1. To repeat, this isn’t “other people’s money.” It is a rebate to Apple of a portion of Apple’s money previously paid to the county. Without this deal, the county would only have the $79/year in taxes it is collecting on this property now. With the deal, it will get to keep millions of dollars in taxes. More importantly, the county can dictate how rapidly the property is developed and how many high-paying jobs will be created. That power is easily worth $15 million.

          If Williamson County were not offering the incentives, it would not receive those extra benefits… even if Apple chose to build the plant anyway. Which it would not. Some other location would offer lower costs to offset the benefits and Apple would go there.

        2. With all due respect, TxUser, all money that a county or city has in its budget is by definition tax proceeds of the citizens. To redistribute that money via contract for the primary benefit of the richest corporation on the planet is the height of crony capitalism. Extreme righties will twist the narrative to say that the gross misuse of funds will “trickle down” to citizens, but we all know how small the trickle is when it reaches the average worker. His costs of living will shoot up, and his wage will barely budge up. Eddy Cue will flip another Tahoe mansion, and in 5 years we might see Apple shit out an all new Mac. This is a disgusting trend in business today.

        3. With all due respect, Mike, the money only gets to the county budget if it is paid in the first place. Until then, it belongs to the potential taxpayer and the county gets no say in how it is distributed.

          Apple can choose to locate pretty much anyplace it likes. If it does not build this plant, the county will keep getting 100% of $79.00/year. If it does build the plant, the county will get 35% of roughly $1,500,000.00/year. That money can be used (and under state law must be used) directly to provide better services or lower taxes for the residents of the county.

          There is no “trickle down” involved in that, although the impact of inserting several thousand high-income families into the local economy (as required under the agreement, but not otherwise) will have those secondary effects. The county officials, with advice from some of the best financial advisors available to them, concluded that those benefits were worth the price.

          This is not the case of just lowering Apple’s taxes without any incentive to spend the savings on something other than stock buybacks or Tahoe mansions. Somebody else already did that.

        4. The money NOT paid by Apple will be paid by other taxpayers struggling to make ends meet in this land of high property taxes. The money will be used to build infrastructure for Apple’s new plant, to educate Apple’s employee’s children, et. cetera.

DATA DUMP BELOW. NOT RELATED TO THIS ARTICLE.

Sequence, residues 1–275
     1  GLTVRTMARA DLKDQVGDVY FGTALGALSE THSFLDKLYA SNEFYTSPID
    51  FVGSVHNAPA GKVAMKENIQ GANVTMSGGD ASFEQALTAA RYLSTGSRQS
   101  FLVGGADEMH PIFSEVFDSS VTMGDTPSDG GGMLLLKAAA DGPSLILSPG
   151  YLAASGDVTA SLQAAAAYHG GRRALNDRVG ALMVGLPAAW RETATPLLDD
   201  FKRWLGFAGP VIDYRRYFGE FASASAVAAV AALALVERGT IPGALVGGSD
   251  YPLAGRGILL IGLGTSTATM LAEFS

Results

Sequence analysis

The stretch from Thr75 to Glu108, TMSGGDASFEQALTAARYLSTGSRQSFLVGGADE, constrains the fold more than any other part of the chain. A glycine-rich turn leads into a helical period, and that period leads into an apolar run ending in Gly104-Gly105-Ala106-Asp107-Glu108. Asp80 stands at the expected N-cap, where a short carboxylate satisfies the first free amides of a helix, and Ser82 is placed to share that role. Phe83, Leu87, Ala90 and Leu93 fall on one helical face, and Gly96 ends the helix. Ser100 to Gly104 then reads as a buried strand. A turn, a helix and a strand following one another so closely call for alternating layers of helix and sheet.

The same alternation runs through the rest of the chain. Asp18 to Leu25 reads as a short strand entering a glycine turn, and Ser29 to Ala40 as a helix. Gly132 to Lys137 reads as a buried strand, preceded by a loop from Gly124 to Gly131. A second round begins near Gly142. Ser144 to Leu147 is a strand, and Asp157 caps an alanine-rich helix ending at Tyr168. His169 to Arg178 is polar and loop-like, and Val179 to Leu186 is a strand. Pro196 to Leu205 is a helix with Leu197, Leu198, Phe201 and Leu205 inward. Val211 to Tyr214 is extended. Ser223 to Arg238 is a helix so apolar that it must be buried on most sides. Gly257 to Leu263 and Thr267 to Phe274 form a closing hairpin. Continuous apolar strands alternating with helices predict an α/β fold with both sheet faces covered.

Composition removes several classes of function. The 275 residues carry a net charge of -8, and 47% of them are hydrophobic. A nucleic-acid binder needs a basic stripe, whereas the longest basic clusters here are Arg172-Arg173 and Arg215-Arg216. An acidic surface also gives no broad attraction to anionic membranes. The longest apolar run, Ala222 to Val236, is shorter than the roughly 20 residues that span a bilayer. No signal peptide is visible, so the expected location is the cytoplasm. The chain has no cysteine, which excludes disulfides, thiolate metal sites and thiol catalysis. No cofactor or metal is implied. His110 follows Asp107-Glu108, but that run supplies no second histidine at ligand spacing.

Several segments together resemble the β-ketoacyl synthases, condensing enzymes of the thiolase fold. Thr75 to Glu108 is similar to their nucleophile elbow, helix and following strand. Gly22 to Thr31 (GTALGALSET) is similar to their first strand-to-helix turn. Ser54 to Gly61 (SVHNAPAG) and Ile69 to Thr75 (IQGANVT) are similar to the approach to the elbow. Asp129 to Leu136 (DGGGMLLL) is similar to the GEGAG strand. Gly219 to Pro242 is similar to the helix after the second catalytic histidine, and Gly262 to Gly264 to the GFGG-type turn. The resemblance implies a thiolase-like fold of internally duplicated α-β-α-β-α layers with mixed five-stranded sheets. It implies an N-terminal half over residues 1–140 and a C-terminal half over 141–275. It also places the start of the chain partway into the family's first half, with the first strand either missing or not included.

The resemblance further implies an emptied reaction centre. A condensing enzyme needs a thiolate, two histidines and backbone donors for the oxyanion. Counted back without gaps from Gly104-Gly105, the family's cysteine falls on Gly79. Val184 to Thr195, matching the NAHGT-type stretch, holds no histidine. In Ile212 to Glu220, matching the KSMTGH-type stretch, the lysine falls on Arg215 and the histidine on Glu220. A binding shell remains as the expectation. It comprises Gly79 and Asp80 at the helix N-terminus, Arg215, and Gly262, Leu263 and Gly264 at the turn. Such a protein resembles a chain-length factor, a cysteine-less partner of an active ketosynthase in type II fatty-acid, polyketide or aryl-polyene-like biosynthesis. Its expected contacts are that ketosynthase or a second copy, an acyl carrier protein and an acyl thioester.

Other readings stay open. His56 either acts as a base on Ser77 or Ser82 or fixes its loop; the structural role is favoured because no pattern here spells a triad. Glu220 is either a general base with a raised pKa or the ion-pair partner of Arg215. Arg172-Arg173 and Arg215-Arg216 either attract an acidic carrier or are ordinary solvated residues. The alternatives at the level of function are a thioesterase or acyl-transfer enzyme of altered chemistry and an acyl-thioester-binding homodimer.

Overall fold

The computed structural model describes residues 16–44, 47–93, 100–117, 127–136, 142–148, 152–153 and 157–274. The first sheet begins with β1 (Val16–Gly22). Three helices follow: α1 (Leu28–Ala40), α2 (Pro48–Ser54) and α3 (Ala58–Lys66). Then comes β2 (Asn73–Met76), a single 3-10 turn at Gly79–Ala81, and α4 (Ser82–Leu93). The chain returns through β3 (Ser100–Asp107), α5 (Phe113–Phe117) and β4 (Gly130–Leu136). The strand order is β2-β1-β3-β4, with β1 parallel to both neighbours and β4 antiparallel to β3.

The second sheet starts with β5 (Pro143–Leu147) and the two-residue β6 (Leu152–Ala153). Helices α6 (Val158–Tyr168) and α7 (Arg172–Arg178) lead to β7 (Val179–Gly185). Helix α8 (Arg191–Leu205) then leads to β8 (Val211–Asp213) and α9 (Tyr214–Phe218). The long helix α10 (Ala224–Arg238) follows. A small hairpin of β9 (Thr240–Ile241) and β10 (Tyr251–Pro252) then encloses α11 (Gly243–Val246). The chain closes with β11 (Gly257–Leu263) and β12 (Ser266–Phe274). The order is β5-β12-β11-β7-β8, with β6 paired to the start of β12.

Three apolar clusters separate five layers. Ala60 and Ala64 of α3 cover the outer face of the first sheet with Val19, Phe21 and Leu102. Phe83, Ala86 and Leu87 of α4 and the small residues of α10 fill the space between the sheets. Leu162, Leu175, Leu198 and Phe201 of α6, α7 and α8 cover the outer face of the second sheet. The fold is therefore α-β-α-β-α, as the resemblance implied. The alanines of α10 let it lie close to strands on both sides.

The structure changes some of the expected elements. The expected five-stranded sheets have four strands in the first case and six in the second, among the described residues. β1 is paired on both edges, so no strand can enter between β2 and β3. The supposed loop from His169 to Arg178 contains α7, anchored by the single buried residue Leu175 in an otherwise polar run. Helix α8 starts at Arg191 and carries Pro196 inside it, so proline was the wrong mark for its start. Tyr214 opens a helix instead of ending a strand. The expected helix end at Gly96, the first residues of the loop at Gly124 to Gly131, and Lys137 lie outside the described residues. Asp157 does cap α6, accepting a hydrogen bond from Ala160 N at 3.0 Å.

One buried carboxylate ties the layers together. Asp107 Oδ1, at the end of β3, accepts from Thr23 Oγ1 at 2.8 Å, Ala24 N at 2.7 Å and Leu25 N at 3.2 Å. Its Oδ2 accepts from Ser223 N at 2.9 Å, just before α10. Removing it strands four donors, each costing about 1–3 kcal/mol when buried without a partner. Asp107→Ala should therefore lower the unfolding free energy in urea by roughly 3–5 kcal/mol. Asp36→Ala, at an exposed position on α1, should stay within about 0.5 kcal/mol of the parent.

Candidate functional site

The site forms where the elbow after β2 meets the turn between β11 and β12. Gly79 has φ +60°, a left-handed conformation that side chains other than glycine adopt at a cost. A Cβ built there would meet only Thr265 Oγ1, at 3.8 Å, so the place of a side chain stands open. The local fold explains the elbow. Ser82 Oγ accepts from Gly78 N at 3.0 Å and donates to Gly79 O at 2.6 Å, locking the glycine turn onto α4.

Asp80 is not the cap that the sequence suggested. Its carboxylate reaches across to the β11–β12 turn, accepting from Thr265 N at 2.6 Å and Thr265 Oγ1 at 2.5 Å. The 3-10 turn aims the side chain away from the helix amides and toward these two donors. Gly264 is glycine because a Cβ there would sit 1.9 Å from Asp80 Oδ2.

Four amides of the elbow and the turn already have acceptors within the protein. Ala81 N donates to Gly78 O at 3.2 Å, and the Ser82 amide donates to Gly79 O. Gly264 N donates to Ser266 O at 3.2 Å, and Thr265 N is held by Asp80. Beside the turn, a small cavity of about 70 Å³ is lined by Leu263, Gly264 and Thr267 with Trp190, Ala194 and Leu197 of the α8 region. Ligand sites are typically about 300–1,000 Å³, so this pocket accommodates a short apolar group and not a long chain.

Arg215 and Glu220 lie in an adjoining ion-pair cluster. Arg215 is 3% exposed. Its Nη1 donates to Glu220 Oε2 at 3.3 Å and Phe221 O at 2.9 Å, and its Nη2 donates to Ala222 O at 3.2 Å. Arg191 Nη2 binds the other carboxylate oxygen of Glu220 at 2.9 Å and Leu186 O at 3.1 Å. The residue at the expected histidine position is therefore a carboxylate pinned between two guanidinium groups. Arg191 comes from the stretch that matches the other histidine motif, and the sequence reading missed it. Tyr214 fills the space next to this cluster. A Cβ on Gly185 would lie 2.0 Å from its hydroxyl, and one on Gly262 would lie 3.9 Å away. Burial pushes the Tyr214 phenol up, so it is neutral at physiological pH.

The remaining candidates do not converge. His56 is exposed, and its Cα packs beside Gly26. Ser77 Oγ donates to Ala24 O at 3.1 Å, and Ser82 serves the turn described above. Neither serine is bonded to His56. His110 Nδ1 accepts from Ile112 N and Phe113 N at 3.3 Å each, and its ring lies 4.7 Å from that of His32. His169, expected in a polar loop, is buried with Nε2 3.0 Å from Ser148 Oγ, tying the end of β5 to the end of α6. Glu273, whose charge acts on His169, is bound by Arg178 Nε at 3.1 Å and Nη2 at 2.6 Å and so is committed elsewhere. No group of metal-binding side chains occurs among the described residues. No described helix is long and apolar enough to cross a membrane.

Not to mention the Apple employees will bid up prices for homes in Austin, drive up property taxes, and add to overcrowded highways.

          Up yours Apple, and the politicians that sold out the rest of us to bring you to Central Texas.

        5. Gary, I realize you are mostly just making rhetorical points, but some facts might be relevant: Apple will be paying 100% of its school taxes to the Round Rock Independent School District. It will also be paying 100% of its City of Austin taxes and development fees that go for police, fire, EMS, and most off-site infrastructure. The main access to the property is a state ranch-to-market highway, and Apple will be paying 100% of its state taxes.

          Williamson County will be receiving a half-million dollars a year, even after the rebates, and that will easily cover all of its actual expenses related to this property. Admittedly, Apple will not generate a huge surplus to cover other county expenses for the first 15 years, but it will be collecting millions each year after that.

          I hate the tacky aspects of growth in Central Texas at least as much as you do, but I am long past regarding it as avoidable. All that the area governments can do is manage the growth. Having responsible employers like Apple providing well-paying jobs is preferable to having nothing but McDonalds jobs serving bedroom communities. The people are going to come, but what people?

      3. @ First 2014, Then 2016 :

        You have no principles. You are simply an attack dog for the GOP.

        How interesting it is to see you bend your twisted narrative to support corporate welfare for multinational companies that produce their products in Communist China, park billions overseas in tax havens of their own creation, and allow their home nation’s infrastructure to rust — at least, anything out of sight distance of their ivory tower in a liberal coastal city.